Contact FreedomWorks

400 North Capitol Street, NW
Suite 765
Washington, DC 20001

  • Toll Free 1.888.564.6273
  • Local 202.783.3870

Newspaper Article

    Bright and Early

    BY Shay Totten
    08/25/2006

    Come this fall, several new early-education programs will be in place throughout Vermont, thanks to a unique collaborative of philanthropists, education experts, and private foundations.

    In the past legislative session, early education or publicly funded pre-K programs were derided by some and extolled by others. In the end, lawmakers agreed to study the issue.

    The first meeting of Pre-Kindergarten Education Committee took place on Aug. 22 in Montpelier, just two days before a special committee empanelled by Gov. Jim Douglas was to meet. The governor’s Building Bright Futures Council was created to advise Douglas on a wide range of issues, not just education, facing children younger than 6.

    “Ensuring the health, safety, and developmental well being of all Vermont children is a top priority for me and my administration,” Douglas said in announcing the council’s creation. “To this end, the Building Bright Futures Council is charged with supporting the creation of an integrated system of early childhood care, health, and education that is fiscally sustainable.”

    Douglas’ Democratic challenger this fall, Scudder Parker, this week also unveiled his plan to support preschool programs and education.

    Pre-K advocates in Vermont say 13,000 3- and 4-year-olds are currently enrolled in some form of preschool program in Vermont, and that publicly funded preschool programs have been around for nearly two decades.

    Supporters of early education caution people about making too many parallels between the general $1.1 billion K-12 education budget in Vermont, which serves roughly 100,000 students, and the $15 million spent on programs that provide many 3- and 4-year-olds with 10 hours of preschool weekly.

    Advocates say the problem isn’t that the current system isn’t unsustainable, but that it’s unaffordable for many parents, and wages are too low to attract providers into the field. In short, they say there needs to be some additional support from public and private funds.

    “Our goal is not to have these programs spring up like little mushrooms in the countryside after a rainstorm,” said Mary Schwartz, executive director of the Child Care Fund of Vermont, which has fostered the Vermont Community Preschool Collaborative (VCPC). She is also a member of the governor’s newly formed council.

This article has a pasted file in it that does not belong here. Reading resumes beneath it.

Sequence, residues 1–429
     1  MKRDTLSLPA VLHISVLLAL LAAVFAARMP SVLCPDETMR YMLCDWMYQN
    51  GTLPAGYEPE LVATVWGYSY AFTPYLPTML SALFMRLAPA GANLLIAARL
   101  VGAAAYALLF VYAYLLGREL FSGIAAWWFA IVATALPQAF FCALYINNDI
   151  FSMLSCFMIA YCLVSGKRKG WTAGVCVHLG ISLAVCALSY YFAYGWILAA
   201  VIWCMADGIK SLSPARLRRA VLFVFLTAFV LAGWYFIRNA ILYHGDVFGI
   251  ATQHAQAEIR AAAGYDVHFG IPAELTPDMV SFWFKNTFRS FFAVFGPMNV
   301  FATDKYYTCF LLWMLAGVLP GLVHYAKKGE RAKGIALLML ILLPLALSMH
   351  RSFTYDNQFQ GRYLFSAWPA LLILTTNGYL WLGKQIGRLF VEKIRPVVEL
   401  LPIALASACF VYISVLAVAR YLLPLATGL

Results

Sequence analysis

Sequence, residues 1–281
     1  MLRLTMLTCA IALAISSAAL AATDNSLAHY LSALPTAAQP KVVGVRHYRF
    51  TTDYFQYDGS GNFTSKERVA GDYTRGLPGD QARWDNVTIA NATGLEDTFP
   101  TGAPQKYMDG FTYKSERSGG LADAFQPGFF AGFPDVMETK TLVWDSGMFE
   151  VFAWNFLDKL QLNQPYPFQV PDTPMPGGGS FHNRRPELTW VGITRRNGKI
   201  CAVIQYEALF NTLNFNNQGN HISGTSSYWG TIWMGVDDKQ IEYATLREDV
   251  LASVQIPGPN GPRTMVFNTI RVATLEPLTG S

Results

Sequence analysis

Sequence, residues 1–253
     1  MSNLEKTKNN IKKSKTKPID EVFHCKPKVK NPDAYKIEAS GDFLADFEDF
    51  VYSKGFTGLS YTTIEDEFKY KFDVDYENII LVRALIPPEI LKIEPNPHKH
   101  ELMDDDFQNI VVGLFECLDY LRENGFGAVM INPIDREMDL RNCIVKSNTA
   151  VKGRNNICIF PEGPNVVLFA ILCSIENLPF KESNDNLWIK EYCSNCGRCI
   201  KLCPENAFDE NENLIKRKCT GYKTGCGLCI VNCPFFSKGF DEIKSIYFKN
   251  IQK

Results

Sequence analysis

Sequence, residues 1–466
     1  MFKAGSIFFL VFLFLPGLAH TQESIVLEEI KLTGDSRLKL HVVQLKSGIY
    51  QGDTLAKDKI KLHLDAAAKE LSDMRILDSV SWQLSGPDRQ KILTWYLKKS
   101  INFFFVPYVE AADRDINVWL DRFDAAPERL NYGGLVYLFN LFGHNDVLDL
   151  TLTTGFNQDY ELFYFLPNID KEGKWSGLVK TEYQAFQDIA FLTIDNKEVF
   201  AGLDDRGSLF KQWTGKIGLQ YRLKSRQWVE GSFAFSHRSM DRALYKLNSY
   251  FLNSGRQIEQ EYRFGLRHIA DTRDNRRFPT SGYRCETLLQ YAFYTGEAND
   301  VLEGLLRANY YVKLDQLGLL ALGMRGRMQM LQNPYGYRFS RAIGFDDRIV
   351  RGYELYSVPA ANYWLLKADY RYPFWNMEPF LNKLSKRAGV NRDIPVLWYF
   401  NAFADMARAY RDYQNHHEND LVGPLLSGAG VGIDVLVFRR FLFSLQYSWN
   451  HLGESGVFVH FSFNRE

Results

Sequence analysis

“Our goal is to improve the quality of the existing system, whether they are private centers or private homes, or are religious-based or not,” she added.

    VCPC’s goal is not to push all kids into a publicly funded and operated system, Schwartz said. Instead, the program encourages public schools and child-care providers to create, strengthen, and sustain high-quality preschool opportunities that can continue to be supported with reimbursement through the state education fund.

    Under current rules, a new preschool program does not receive reimbursements from the state’s education fund for 18 months. That has kept some communities from starting new programs in recent years. And that’s where VCPC comes in.

    VCPC is funded by several philanthropic partners, four of which are associated with the Vermont Community Foundation. It provides up to $15,000 in grants to help a community design a pre-K program, and up to $30,000 for the first year of the program. In the second year, the program receives half of its first-year level of funding, said Mark Sustic, VCPC’s director.

    “We are looking for partnerships with high-quality programs, whether they are in the home, in private centers, or in the public schools,” said Schwartz.

    The programs that VCPC has helped to develop must include provisions to include home-based providers and centers, said Sustic. Two grant applications were denied because the proposals did not include collaboration with private providers, he noted.

    Schwartz and Sustic said other VCPC long-term goals include finding ways to ensure that private providers receive money so they can improve their skills, get additional schooling, or work with mentors who are licensed teachers. Under some rules being examined by the state, even home-care providers may have to be either licensed teachers or have bachelor’s degrees. That could be onerous for many providers, Schwartz admits.